There are four major potential obstacles to the use of otolith tags in estimating the mortality of larval fishes: (1) mortality from handling and marking, (2) intrinsically high mortality rates, implying that very large numbers must be marked to get any returns, (3) the lack of commercial and sport fisheries on the young fish, requiring that the investigator recapture the marked fish, and (4) biases introduced from net avoidance and gear changes. As was the case with the underlying assumptions, these limitations are not specific to otolith-tagged fish, and are often present in other mark-recapture studies of young fish.

The mortality calculation from a mark recapture study is simply the decline in the number of recaptures over time. Equation 28 can be rewritten to reflect mortality estimation from tagging studies:


where Nrt is the number of recaptures at time t and Nr0 is the number of fish initially tagged and released. Since there may be variability in the numbers recaptured, it is best to sample over several dates in order to stabilize the estimate of mortality (see Gulland 1983, p. 110-115 for a description of this approach).


Catch curve analysis

The most frequently used indirect method of mortality estimation is catch curve analysis. Although used mainly for adult fishes, catch curve analysis is also useful during the early life stages (Crecco et al. 1983; Essig and Cole 1986). The estimation of mortality in larval fishes is based, almost exclusively, on catch curve analysis, even though the methods section of papers may not explicitly state this. Krebs (1972) warns that indirect methods are based on the acceptance of certain assumptions and that these assumptions must be valid for these methods to be used correctly. This is especially true in catch curve analysis. Catch-curves plot the frequency of fish grouped by either size or age (Fig. 16). Because size is often a poor indicator of cohort membership (May 1974; Warlen 1981), age estimated from the daily increment ageing technique is preferred. Abundance-at-age usually decreases exponentially, making the slope, Zt (expressed as a positive number by convention), the time-specific rate of mortality. The value for Z can be estimated with either nonlinear regression of the untransformed data or by converting abundance to log of abundance (Ricker 1975). Conversion to log of abundance will usually result in a more or less straight line with a negative slope which can then be fit through ordinary least squares regression (see Robson and Chapman 1961; Ricker 1975; Draper and Smith 1981). Often the abundance in the youngest age categories (Fig. 16) will be less than the peak abundance due to incomplete capture by the sampling gear, resulting in an ascending left limb. This ascending limb is ignored when fitting the regression; only the data with descending abundances are used in data analysis. The absolute value of the slope of the fitted regression is an estimate of Z, which in the case of unexploited early life stages is equal to natural mortality, M.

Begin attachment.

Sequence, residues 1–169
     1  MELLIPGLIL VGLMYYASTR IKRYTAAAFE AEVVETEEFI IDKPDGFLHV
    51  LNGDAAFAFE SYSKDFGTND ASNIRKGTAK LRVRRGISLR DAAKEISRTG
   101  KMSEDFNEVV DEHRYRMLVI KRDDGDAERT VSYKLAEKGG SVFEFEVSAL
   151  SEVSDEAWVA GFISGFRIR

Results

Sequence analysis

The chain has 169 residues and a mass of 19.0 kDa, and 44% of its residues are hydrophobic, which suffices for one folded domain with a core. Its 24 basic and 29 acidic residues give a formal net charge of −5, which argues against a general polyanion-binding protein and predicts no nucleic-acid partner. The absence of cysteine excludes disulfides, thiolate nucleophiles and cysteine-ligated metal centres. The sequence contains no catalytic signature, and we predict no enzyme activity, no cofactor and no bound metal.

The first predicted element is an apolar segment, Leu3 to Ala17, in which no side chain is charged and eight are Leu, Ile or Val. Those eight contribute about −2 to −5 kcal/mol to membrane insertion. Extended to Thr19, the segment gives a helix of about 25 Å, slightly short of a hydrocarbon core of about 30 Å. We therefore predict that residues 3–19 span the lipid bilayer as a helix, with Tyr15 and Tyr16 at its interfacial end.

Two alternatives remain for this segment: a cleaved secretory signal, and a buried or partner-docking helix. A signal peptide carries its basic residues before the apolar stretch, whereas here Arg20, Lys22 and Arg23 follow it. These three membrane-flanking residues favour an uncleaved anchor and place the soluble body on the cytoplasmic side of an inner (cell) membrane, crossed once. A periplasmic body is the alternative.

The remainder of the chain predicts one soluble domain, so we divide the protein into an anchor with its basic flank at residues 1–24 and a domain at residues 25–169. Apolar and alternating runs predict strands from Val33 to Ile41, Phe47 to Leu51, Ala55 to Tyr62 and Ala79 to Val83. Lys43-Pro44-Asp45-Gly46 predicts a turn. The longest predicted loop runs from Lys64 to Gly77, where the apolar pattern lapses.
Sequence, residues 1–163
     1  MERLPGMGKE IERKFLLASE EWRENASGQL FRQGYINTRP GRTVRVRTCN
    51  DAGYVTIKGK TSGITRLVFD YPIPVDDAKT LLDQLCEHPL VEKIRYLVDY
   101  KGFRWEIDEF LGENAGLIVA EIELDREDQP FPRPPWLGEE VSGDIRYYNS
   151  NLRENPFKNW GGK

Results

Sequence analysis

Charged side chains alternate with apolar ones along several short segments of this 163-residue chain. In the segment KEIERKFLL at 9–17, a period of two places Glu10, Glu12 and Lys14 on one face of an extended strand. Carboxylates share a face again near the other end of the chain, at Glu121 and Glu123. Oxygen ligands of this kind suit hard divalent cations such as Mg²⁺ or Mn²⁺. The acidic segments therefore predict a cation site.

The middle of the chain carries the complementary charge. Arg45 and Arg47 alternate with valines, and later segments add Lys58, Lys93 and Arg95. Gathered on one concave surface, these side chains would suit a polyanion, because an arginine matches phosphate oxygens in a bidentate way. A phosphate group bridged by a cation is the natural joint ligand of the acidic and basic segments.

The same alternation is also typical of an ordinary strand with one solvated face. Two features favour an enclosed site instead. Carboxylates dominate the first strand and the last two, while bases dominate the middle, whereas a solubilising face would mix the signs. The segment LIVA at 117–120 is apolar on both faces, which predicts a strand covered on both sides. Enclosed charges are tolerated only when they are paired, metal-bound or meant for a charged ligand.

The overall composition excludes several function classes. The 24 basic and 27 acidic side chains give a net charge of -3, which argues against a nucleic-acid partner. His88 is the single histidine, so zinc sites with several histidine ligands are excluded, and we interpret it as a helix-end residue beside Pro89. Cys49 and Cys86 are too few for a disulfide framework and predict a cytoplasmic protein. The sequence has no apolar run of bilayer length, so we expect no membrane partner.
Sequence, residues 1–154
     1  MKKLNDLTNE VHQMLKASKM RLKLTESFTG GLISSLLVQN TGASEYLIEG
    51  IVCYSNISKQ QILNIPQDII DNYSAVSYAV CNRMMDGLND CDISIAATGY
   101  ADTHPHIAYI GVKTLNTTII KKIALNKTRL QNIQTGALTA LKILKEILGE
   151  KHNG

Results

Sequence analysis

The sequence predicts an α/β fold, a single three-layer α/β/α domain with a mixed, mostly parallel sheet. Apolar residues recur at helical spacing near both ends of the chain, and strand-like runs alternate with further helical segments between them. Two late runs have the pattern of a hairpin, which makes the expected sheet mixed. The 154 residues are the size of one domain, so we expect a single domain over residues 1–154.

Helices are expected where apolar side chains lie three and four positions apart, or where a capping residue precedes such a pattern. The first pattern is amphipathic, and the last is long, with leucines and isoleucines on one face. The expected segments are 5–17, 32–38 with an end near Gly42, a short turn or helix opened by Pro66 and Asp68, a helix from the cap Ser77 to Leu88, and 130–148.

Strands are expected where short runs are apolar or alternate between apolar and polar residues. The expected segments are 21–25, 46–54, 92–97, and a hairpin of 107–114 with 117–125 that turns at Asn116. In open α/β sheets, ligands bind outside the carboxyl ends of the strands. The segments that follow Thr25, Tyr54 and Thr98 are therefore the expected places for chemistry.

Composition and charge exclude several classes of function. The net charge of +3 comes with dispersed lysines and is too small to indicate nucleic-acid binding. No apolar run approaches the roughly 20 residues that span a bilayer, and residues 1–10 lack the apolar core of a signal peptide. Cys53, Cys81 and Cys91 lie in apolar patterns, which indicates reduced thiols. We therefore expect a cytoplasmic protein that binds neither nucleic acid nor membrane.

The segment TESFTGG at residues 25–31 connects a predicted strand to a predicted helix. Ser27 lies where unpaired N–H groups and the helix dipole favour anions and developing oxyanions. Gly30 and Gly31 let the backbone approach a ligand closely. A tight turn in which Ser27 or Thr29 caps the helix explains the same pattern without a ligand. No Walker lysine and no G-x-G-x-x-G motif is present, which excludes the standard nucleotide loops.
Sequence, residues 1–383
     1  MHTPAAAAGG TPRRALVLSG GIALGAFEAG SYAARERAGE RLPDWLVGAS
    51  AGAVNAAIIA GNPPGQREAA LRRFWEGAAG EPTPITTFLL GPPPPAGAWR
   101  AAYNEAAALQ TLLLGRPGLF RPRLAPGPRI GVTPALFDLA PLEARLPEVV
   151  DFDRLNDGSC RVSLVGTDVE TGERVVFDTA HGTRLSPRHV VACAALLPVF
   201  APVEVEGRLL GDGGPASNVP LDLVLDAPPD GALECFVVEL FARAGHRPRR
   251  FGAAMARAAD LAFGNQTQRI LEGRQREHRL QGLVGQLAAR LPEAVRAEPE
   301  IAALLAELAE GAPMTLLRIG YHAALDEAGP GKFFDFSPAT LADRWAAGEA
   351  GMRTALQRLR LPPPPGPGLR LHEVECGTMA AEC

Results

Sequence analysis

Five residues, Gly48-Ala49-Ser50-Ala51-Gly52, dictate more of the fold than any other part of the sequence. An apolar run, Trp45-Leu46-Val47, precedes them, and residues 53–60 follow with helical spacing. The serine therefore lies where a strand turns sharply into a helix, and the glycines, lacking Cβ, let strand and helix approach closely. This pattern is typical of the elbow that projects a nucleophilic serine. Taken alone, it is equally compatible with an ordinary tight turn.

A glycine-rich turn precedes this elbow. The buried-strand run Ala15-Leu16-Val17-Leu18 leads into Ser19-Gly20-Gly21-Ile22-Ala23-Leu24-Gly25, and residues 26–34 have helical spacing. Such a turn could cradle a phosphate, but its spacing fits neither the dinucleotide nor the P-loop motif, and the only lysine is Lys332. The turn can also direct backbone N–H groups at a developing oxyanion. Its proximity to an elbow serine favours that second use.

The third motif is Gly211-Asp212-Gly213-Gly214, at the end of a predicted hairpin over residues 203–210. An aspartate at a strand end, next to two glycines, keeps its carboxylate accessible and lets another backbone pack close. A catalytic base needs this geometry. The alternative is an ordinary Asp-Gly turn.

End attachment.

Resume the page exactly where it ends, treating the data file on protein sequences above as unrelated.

Simplified representation of a catch curve. Estimated abundance is transformed to a logarithm. Incomplete capture of the youngest fish produces an ascending limb on the left-hand side of the graph. The right-hand side alone is used in mortality estimation.

Simplified representation of a catch curve. Estimated abundance is transformed to a logarithm. Incomplete capture of the youngest fish produces an ascending limb on the left-hand side of the graph. The right-hand side alone is used in mortality estimation.